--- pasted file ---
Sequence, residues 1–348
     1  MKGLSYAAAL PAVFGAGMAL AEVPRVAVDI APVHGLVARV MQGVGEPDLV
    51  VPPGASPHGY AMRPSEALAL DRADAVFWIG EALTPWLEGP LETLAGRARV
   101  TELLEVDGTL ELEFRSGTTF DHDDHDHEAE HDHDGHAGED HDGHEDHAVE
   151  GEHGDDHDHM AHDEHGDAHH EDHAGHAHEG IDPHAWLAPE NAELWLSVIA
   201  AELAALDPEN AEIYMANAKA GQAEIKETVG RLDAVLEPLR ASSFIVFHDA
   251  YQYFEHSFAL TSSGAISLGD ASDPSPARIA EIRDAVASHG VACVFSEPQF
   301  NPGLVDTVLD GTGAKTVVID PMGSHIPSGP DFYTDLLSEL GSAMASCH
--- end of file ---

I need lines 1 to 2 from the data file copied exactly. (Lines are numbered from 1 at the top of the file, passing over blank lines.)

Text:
Sequence, residues 1–348
     1  MKGLSYAAAL PAVFGAGMAL AEVPRVAVDI APVHGLVARV MQGVGEPDLV